Solution: 57^\circ

Example B

Angles C and D are supplementary. Angle C is 59^\circ . Find the measure of angle D .

Solution: 121^\circ

Example C

Angles A and B are supplementary. Angle A is 169^\circ . Find the measure of angle B .

Solution: 11^\circ

Here is the original problem once again.

Justin was looking at a painting with two intersecting lines on it. One of the lines formed a straight line and the other intersected with the first line.

"What do you think the measure is of the smaller angle?" he asked Susan who was standing nearby.

"I think it is about 30^\circ ," Susan said.

"That's exactly what I was thinking," Justin added.

If Susan and Justin are correct, can you figure out the other missing angle?

To figure this out, we can use reasoning and the dilemma to hunt for clues. First, notice that the painting had one straight line. We know that the measure of a straight line is 180^circ . Given this, we can write an equation.

x + 30 = 180

The 30 is the measure of the angle that Justin and Susan figure out.

Now we can solve for the unknown variable.

x = 150^\circ

This is our answer.

Vocabulary

Acute Angle
an angle whose measure is less than 90^\circ .
Obtuse Angle
an angle whose measure is greater than 90^\circ .
Right Angle
an angle whose measure is equal to 90^\circ .
Straight Angle
an angle whose measure is equal to 180^\circ .
Degrees
how an angle is measured.
Angle Pairs
when the measures of two angles are added together to form a special relationship.
Supplementary Angles
angle pairs whose sum is 180^\circ .
Complementary Angles
angle pairs whose sum is 90^\circ .

Guided Practice

Here is one for you to try on your own.

What is the measure of angle R ?

Answer

How can we use what we have learned to find the measure of angle R ? Can we determine whether the two angles have a relationship with each other? Together, they form a right angle. They must be a pair of complementary angles, so we know their sum is 90^\circ . Again, we can set up an equation to solve for R , the unknown angle.

R  +  22  =  90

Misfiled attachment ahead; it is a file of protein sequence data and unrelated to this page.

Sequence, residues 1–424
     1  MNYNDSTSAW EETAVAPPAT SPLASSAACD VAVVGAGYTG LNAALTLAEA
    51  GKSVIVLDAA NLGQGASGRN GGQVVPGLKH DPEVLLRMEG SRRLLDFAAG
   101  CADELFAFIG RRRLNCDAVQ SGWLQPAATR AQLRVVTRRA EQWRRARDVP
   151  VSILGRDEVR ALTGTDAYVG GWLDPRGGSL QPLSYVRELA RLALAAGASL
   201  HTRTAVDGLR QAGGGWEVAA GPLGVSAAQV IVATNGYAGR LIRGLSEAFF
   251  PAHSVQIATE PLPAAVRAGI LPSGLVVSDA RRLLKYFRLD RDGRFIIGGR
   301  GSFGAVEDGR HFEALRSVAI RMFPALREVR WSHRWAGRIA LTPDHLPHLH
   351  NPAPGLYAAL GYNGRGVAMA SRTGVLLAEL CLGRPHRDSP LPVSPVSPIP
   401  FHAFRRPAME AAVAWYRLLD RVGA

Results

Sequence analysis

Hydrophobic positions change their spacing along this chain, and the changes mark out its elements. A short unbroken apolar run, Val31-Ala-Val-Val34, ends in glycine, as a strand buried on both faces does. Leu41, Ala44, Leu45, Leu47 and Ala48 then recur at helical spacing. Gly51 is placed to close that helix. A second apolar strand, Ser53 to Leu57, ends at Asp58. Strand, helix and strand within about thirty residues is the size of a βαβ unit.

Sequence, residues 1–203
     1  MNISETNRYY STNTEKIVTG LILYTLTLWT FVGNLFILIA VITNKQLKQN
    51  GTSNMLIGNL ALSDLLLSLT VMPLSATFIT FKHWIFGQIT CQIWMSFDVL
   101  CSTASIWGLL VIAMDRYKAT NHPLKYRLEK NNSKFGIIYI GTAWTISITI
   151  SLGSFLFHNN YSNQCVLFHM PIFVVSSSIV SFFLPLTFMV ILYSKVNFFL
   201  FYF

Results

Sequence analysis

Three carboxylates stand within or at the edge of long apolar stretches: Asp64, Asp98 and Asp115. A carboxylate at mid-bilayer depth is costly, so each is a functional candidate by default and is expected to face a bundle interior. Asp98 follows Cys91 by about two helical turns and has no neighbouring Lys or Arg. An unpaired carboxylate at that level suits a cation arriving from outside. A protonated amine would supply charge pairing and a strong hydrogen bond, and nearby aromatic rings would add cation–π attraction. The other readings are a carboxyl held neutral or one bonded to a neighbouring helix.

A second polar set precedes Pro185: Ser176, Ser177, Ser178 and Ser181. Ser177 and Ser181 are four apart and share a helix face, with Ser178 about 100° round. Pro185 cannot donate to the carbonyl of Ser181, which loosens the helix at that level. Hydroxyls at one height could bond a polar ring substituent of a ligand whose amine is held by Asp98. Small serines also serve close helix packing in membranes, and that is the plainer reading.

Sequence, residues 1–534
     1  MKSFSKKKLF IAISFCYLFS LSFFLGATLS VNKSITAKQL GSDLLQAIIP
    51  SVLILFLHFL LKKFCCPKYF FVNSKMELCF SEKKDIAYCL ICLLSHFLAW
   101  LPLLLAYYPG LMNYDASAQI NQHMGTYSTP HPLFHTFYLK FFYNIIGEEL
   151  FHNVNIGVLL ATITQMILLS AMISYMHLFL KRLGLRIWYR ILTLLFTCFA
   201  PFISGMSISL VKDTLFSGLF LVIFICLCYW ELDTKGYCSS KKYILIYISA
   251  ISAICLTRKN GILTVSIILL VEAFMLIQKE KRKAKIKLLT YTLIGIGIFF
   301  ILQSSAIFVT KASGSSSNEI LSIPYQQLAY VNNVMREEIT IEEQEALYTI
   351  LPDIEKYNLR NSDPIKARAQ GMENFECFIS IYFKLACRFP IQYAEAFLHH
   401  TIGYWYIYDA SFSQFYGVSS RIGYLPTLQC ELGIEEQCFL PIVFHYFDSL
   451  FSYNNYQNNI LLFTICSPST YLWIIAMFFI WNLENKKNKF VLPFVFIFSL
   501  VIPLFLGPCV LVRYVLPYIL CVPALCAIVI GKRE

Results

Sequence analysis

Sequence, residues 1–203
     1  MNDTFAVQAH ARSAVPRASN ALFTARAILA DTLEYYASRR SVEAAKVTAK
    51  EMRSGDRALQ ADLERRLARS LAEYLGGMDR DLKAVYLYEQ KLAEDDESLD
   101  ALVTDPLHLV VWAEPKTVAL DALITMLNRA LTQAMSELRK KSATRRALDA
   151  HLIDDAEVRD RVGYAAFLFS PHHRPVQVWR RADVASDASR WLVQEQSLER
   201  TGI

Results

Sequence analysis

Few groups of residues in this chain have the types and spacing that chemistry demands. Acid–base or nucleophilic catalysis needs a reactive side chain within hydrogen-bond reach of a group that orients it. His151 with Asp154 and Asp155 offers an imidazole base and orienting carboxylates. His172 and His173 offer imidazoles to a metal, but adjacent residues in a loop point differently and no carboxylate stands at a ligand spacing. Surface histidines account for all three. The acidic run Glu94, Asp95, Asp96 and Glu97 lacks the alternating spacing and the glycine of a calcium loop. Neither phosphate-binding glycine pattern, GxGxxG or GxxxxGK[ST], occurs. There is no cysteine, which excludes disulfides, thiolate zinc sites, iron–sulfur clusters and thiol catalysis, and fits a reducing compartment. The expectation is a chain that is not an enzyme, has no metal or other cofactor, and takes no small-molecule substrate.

This equation represents what we know, that the sum of these two complementary angles is 90^\circ . Now we solve for R .

R  +  22  & =  90\\R  & =  90  -  22\\R  & =  68^\circ

The measure of the unknown angle is 68^\circ . We can check our answer by putting this value in for R in the equation.

68  +  22  =  90^\circ

Video Review

- This is a James Sousa video on complementary and supplementary angles.

Practice

Directions: Find the measure of missing angle for each pair of complementary or supplementary angles.

1. Angles A and B are complementary. Angle A is 63^\circ . Find the measure of angle B .

2. Angles A and B are complementary. Angle A is 83^\circ . Find the measure of angle B .

3. Angles A and B are complementary. Angle A is 3^\circ . Find the measure of angle B .

4. Angles A and B are complementary. Angle A is 23^\circ . Find the measure of angle B .

5. Angles A and B are complementary. Angle A is 70^\circ . Find the measure of angle B .

6. Angles A and B are complementary. Angle A is 29^\circ . Find the measure of angle B .

7. Angles A and B are complementary. Angle A is 66^\circ . Find the measure of angle B .

8. Angles A and B are complementary. Angle A is 87^\circ . Find the measure of angle B .

9. Angles A and B are supplementary. Angle A is 33^\circ . Find the measure of angle B .

10. Angles A and B are supplementary. Angle A is 103^\circ . Find the measure of angle B .

11. Angles A and B are supplementary. Angle A is 73^\circ . Find the measure of angle B .

12. Angles A and B are supplementary. Angle A is 78^\circ . Find the measure of angle B .

13. Angles A and B are supplementary. Angle A is 99^\circ . Find the measure of angle B .

14. Angles A and B are supplementary. Angle A is 110^\circ . Find the measure of angle B .

15. Angles A and B are supplementary. Angle A is 127^\circ . Find the measure of angle B .